The chance to work on some of the most complex and majestic products that our civilisation has ever devised.

 

What is your vision for the UK aerospace sector in the next 15 – 20 years?

I think it’s foolish for me to try and predict anything 15-20 years into the future! The tech and the world changes far too quickly for that. The UK has been a leader in aerospace for the past century. It has the ingredients of a top-notch education system, an entrepreneur-friendly business environment, concerted government investment, and a pioneering spirit, to maintain and build further on this position in the future. We just have to make sure these ingredients stay in place!

 

If you could change one element of technology, or a particular type of technology in the sector, what would that be?

I would ask the genie to give us an infinitesimally light, emission free, and infinitely powerful source of propulsive energy.

 

What is the best piece of advice you’ve ever been given?

Imagine what you would do if you knew you could not fail. Now go do that anyway.

 

What are your key successes to date?

For me, the most gratifying part of any job is getting something to fly (or launch) for the first time. And I am proud of the fact that this has happened in pretty much every job I’ve had.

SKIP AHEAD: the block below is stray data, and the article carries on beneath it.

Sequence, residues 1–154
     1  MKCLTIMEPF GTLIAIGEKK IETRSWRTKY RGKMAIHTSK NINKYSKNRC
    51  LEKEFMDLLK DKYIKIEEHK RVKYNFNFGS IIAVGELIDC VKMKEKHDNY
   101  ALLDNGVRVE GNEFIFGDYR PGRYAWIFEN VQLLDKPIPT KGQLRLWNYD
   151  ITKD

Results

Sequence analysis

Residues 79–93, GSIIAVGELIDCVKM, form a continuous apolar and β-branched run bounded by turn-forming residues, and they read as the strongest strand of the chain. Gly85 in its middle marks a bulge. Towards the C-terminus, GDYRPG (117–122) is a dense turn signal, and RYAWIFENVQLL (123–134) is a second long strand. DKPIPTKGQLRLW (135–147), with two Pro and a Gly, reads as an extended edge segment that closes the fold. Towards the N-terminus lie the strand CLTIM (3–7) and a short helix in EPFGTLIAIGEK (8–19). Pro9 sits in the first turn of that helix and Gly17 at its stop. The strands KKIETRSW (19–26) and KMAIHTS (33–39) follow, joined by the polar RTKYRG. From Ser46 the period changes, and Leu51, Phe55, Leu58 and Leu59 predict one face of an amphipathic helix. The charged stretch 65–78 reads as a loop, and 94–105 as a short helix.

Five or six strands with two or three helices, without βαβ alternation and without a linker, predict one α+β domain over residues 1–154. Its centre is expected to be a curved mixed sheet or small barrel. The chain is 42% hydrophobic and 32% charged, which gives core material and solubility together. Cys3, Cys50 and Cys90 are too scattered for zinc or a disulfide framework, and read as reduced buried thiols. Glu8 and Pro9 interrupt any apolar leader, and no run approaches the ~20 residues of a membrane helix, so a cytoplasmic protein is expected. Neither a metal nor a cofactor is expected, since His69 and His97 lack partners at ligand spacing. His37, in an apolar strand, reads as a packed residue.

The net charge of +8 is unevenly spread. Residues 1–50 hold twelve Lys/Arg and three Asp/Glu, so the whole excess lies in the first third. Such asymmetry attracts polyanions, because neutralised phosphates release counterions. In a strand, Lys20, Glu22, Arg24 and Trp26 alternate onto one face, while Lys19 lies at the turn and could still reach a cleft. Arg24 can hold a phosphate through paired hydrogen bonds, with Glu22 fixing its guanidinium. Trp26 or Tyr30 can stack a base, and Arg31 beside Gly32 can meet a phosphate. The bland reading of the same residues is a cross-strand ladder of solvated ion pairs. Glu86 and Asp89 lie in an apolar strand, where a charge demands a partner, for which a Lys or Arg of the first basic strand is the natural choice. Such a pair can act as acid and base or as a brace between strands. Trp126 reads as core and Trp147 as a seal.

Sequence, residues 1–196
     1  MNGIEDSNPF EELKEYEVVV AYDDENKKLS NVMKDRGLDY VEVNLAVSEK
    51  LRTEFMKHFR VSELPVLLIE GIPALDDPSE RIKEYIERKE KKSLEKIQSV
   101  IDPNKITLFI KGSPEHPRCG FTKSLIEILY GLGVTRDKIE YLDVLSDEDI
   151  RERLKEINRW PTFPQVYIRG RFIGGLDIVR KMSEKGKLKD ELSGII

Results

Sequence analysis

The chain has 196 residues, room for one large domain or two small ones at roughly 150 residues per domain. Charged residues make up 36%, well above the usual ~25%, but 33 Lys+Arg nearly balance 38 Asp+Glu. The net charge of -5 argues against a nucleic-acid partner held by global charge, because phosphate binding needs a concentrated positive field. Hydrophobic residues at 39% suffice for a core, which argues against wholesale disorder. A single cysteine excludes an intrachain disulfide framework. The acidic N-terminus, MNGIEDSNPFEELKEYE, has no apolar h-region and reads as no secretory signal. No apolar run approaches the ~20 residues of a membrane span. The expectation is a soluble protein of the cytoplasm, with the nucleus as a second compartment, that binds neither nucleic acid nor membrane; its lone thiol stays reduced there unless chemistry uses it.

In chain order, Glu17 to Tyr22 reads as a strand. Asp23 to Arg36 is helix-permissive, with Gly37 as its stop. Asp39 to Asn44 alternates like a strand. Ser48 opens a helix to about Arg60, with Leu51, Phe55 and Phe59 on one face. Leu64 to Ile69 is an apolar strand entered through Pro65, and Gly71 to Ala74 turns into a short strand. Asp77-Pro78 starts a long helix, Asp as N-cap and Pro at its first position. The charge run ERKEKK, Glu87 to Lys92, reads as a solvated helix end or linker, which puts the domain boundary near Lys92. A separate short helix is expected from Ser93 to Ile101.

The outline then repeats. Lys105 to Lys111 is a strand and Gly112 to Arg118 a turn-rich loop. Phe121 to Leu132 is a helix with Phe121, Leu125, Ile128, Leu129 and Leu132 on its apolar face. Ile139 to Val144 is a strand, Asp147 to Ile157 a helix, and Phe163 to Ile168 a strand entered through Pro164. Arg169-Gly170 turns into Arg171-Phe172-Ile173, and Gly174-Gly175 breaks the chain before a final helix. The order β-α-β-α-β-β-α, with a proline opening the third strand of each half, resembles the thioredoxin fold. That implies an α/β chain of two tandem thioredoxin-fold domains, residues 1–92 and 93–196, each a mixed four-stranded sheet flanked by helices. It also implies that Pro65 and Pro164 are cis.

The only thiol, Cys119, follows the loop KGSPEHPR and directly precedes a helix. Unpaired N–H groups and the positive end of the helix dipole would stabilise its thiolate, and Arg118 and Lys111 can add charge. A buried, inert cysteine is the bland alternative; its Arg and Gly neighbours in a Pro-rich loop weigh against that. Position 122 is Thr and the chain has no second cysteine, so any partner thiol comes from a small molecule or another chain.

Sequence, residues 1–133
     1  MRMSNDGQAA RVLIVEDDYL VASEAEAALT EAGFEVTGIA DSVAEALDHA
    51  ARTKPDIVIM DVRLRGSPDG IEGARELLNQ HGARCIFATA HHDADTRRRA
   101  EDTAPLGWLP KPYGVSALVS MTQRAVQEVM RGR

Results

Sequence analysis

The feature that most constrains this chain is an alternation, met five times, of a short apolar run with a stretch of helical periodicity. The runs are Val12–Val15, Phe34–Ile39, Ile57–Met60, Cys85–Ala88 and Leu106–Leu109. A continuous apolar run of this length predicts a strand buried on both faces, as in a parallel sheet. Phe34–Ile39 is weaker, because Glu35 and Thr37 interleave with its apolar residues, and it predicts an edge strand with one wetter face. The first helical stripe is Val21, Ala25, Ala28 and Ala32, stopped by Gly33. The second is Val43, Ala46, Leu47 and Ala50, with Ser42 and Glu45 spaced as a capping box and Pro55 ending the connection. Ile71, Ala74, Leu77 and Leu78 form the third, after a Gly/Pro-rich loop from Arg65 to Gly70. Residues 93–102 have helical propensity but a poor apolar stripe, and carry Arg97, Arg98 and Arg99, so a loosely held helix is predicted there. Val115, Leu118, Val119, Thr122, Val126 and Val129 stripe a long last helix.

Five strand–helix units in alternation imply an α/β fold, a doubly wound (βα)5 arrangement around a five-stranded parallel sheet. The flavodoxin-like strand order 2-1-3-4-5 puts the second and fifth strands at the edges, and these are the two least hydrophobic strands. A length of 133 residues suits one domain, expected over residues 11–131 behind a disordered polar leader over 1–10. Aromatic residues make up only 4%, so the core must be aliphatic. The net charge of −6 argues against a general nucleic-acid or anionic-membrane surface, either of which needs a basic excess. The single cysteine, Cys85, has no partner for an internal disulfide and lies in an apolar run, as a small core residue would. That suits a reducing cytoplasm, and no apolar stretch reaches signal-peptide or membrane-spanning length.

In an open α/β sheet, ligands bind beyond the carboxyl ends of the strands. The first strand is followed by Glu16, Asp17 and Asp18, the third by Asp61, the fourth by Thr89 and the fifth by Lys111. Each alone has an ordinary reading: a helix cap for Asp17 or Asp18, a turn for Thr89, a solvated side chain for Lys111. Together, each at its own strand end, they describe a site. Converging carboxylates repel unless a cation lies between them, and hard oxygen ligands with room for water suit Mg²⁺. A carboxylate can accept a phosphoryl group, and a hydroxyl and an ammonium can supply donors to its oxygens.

Describe your ideal day away from work?

Wine. Books. Friends & loved ones. Somewhere beautiful.

 

Who inspires you the most?

My partner, Rolan Flournoy, who is the happiest person I have ever met.

 

What is your golden rule?

Stay flexible and avoid golden rules.

 

Paul will be one of our keynote speakers at ATI Conference 2017: Realising Ambition, and will be speaking on Day One.

Russ joined GKN in 2013 as VP Chief Engineering and assumed the role of Senior Vice President Engineering, Technology & Quality in December 2014. Prior to joining GKN, he spent 17 years at Airbus in a variety of technical leadership roles most recently VP Head of A350 XWB Wing Engineering responsible for wing structures, movables and systems installation for all A350 XWB derivatives. For the A350 XWB-900, he led the development from early concept development through detailed design, manufacture and assembly through to successful flight test. He has a BEng in Aeronautical Engineering and German from Bath University.

Balance your attention between the things which excite you, the things that need to be done, and the things which sustain you.

What attracted you to the aerospace sector?

I was always the type of child who wanted to know how everything worked, taking apart cameras and video players, and anything that I could get my hands on. My grandad was in the RAF, and an aircraft appeared the ultimate mystery. I simply wanted to understand how on earth they got off the ground!

 

What is your vision for the UK aerospace sector in the next 15 – 20 years?